Cockroaches DO bite.
Though cockroaches do bite, they are not an aggressive species and do not actively pursue humans as a food source.
Cockroach Bites Were Common on Ships
Centuries ago, sailors were forced to wear gloves and shoes so as not to be bitten by the cockroaches that frequently infested the old wooden sailing ships of the times. In an 1870 article published in the journal Nature, the author describes his personal experience with ship voyage infested with cockroaches. He reported that the sailors’ fingernails and skin appeared to have been attacked. Later that evening when he fell asleep he found that the cockroaches were making a meal of his skin as well devouring the entire hard skin of the heal down to the tender pink flesh. [Nicols, 1870]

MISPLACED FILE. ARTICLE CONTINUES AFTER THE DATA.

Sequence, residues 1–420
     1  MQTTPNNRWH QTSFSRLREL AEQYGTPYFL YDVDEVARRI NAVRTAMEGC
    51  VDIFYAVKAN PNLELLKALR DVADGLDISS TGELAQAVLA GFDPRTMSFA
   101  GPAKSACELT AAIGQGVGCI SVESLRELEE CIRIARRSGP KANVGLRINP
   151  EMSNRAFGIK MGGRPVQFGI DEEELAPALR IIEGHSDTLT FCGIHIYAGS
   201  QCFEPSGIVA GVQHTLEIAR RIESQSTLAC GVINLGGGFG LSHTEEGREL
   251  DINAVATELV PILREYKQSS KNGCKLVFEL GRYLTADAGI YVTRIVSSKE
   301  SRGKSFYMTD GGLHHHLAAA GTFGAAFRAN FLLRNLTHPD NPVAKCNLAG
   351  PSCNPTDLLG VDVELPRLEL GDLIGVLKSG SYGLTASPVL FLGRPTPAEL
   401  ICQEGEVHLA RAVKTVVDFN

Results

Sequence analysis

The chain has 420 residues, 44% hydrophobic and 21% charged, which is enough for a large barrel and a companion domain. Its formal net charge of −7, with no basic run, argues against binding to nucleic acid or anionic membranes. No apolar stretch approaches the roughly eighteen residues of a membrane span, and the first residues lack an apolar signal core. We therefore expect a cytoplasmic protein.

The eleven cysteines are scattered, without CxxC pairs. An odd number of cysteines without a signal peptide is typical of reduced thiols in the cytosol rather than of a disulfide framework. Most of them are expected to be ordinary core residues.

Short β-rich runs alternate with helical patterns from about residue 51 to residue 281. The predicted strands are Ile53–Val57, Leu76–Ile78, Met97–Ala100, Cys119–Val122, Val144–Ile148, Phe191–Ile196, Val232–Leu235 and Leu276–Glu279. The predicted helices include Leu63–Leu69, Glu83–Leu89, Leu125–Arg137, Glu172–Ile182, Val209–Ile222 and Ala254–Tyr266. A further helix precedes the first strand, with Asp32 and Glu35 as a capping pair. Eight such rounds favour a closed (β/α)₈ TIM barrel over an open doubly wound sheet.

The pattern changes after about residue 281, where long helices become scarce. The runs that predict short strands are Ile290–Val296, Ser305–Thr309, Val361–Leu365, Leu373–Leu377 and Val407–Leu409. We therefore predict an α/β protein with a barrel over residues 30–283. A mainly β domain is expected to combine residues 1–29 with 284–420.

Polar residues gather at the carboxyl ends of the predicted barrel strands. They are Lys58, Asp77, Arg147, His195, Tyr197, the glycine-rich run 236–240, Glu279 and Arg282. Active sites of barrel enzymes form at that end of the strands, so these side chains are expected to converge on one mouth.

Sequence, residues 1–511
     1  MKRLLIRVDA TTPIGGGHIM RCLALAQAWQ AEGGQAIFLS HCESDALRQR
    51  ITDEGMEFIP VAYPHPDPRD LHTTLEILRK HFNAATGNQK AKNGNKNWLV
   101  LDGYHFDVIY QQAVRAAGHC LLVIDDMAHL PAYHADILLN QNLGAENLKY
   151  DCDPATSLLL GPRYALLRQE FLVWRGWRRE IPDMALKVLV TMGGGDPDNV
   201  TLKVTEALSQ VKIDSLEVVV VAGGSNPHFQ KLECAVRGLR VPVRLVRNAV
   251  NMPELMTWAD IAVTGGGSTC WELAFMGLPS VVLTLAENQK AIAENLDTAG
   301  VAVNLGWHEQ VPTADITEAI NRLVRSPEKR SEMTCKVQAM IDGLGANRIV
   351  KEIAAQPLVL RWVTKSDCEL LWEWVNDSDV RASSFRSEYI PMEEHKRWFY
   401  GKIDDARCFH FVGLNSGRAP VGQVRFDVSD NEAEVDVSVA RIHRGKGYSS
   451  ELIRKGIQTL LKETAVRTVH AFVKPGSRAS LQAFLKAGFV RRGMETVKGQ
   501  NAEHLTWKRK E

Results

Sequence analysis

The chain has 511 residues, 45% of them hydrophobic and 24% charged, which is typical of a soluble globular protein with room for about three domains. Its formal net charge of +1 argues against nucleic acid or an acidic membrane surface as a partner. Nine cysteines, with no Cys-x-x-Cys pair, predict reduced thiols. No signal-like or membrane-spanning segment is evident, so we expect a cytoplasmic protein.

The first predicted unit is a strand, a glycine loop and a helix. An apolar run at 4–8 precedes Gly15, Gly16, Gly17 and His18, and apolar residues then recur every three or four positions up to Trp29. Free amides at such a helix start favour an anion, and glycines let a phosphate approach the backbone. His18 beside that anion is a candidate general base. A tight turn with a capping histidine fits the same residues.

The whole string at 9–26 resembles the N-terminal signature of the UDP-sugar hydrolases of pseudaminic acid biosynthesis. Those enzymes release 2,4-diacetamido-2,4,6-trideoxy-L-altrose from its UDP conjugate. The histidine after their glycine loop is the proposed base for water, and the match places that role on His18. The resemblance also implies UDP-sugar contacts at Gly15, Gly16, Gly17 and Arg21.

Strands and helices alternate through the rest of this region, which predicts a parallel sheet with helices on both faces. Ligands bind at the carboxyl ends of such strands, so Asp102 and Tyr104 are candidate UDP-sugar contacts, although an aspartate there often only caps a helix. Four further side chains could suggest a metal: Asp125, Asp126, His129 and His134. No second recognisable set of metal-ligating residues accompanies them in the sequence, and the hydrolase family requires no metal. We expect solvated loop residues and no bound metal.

Not a Large Threat Today
If a cockroach does bite, it is generally when the victim is immobile for very long periods such as during sleep and is rarely serious. Cockroaches will feed on anything edible and have been reported as feeding on fingernails, eyelashes, any calloused sections on the hands and feet, and food residue around the mouth.
“Cockroach Facts.” Welcome to marlin | marlin. University of Massachusetts, n.d. Web. 27 Dec. 2011. http://www.bio.umass.edu/biology/kunkel/cockroach_faq.html#Q7
“Urban Entymology Cockroaches.” UC Riverside Entymology. N.p., n.d. Web. 27 Dec. 2011. <entomology.ucr.edu/ebeling/ebeling6.html#cockroach bites>.
Nicols, Arthur. “The Cockroach.” Nature 3.58 (1870): 108. Print.